It’s a common belief that simply letting an attacker know you have a gun may be enough to prevent a life-threatening situation. Sometimes, this is true. But displaying your gun under the wrong conditions can lead to severe criminal charges, or worse. A good rule of thumb is to not draw your weapon unless you absolutely need to use it. Not being prepared to actually use your weapon could cost you your life if a criminal calls your bluff.

Learn more about the consequences of brandishing: Everything You Need to Know About Brandishing

Warning Shots

This self-defense myth is a bad idea. For one thing, warning shots are often considered a use of deadly force. Also, in most “warning shot” situations, the threat level hadn’t yet reached the need for deadly force. Not to mention, many areas prohibit firing a gun in city limits, so discharging a firearm as a warning shot could make you a criminal.

For more on warning shot laws, check out our state-specific guides.

Hopefully, knowing the truth about these common self-defense myths and misconceptions will help you stay safe, responsible, and prepared for the worst. But if you’re a U.S. LawShieldâ member and ever find yourself in a situation where you aren’t sure what to do—remember you have AttorneyResponse 365®! You have direct access to an Independent Program Attorney who can help clear up any confusions and answer all your self-defense questions.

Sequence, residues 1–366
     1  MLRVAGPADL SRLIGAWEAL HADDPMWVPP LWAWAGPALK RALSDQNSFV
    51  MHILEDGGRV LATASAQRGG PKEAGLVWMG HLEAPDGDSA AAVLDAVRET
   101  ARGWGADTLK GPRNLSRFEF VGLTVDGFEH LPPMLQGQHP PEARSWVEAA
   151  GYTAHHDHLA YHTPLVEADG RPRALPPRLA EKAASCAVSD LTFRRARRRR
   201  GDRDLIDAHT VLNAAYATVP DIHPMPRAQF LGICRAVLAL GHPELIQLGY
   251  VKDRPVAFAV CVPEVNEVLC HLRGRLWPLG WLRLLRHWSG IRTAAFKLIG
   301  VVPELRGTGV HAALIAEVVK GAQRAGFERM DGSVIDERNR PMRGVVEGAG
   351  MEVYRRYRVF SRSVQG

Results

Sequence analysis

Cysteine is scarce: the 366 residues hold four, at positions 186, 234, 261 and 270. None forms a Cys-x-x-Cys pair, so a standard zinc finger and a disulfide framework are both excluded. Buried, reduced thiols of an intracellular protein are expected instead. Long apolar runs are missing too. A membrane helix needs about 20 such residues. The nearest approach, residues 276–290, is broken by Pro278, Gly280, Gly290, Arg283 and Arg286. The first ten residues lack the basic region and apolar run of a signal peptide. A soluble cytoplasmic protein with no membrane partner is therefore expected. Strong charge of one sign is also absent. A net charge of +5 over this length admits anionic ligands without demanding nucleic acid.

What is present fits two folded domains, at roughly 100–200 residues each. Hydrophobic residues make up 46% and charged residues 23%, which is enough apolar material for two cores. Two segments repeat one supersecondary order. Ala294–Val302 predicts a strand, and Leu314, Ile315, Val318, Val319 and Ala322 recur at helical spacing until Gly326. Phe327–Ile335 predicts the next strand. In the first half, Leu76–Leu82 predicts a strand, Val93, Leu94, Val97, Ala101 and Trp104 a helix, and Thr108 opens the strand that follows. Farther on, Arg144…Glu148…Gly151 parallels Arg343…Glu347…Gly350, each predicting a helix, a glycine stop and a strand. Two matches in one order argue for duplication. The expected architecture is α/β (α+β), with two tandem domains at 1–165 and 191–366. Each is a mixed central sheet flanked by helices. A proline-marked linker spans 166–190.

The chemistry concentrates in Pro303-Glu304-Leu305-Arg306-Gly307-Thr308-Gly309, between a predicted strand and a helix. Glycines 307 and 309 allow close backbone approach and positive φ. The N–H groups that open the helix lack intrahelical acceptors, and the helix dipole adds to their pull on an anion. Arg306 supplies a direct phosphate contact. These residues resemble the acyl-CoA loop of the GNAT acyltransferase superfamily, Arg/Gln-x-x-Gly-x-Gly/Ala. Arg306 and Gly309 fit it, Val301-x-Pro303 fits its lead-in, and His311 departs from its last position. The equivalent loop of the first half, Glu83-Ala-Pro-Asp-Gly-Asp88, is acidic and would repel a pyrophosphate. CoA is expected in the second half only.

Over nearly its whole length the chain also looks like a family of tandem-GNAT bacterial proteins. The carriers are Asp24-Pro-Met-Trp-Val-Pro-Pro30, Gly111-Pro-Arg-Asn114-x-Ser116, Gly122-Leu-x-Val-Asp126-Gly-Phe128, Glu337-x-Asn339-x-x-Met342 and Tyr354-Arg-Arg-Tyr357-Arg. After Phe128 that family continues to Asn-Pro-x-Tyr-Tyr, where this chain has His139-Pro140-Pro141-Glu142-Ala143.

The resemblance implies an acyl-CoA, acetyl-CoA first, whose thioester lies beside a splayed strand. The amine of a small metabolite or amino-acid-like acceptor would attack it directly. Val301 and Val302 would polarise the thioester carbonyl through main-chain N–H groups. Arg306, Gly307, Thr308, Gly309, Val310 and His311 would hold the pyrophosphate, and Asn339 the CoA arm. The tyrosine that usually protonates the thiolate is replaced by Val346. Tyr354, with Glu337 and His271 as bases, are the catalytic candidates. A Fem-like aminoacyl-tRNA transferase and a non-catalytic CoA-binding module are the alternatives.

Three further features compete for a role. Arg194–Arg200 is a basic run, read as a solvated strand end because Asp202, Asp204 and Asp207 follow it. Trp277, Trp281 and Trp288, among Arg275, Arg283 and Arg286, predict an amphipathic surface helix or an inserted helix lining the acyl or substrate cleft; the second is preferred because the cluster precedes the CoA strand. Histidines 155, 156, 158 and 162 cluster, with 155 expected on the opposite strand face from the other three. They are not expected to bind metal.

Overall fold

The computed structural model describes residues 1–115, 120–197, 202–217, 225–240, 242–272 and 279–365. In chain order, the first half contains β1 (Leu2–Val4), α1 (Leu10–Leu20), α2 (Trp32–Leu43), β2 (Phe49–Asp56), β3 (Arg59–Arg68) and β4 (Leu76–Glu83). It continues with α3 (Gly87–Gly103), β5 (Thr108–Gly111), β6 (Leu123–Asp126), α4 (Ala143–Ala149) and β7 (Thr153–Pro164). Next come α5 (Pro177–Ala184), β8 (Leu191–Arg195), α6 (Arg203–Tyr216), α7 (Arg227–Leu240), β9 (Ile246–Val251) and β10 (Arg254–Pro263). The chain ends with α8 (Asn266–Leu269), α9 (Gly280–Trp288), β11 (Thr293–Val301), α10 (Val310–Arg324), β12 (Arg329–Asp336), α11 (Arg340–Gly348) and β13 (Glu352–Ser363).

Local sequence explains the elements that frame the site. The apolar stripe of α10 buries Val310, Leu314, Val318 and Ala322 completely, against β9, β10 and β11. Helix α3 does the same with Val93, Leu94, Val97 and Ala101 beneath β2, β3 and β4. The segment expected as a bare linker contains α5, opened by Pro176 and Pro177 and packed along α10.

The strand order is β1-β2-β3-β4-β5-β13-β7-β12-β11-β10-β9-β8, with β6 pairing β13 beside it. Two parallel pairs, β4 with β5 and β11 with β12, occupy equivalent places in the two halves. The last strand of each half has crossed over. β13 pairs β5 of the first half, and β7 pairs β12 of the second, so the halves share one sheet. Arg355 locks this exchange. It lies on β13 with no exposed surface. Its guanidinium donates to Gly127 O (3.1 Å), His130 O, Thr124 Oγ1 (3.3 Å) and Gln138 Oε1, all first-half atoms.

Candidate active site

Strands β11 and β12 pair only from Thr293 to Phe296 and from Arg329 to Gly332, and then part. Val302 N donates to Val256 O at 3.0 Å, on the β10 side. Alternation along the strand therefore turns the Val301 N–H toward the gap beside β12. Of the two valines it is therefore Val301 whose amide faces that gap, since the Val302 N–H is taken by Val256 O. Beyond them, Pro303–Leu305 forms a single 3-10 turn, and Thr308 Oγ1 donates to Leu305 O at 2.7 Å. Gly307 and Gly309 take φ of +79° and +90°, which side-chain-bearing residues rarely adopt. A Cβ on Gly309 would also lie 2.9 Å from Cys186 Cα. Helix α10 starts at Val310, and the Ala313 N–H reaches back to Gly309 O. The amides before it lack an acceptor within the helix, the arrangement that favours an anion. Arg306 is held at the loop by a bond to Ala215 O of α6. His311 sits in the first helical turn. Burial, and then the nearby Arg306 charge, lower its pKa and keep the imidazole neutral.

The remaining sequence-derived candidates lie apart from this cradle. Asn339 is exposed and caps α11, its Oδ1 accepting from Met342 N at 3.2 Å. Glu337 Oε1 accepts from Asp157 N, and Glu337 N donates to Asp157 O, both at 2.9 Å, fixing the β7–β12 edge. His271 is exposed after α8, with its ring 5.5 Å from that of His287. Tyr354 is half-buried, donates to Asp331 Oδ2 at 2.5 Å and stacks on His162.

Self-Defense Myths FAQ’s

The top 3 self-defense myths are: 1) Warning shots are a good idea, 2) The Castle Doctrine and stand your ground laws are the same thing, and 3) Displaying a weapon is enough to stop a dangerous threat.

Sometimes displaying a weapon can be enough to stop a threat, but not always. Sometimes it can make things worse. This is why you should always be prepared to use your weapon and only draw it when absolutely necessary.

Probably not. While it helps you stay in shape and can give you an idea of different attacks, martial arts focuses more on form and technique. This makes it much less effective in real-time for self-defense purposes.


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*Not available in all states. U.S. LawShield® and its affiliates offer prepaid legal service products. In some states, these products are offered by prepaid legal companies regulated under state law. In others, the applicable entity offers an insurance product. Visit for the details on the products offered in your state.

The information provided in this publication is intended to provide general information to individuals and is not legal advice. The information included in this publication may not be quoted or referred to in any other publication without the prior written consent of U.S. LawShield, to be given or withheld at our discretion. The information is not a substitute for, and does not replace the advice or representation of a licensed attorney. We strive to ensure the information included in this publication is accurate and current, however, no claim is made to the accuracy of the information and we are not responsible for any consequences that may result from the use of information in this publication. The use of this publication does not create an attorney-client relationship between U.S. LawShield, any independent program attorney, and any individual.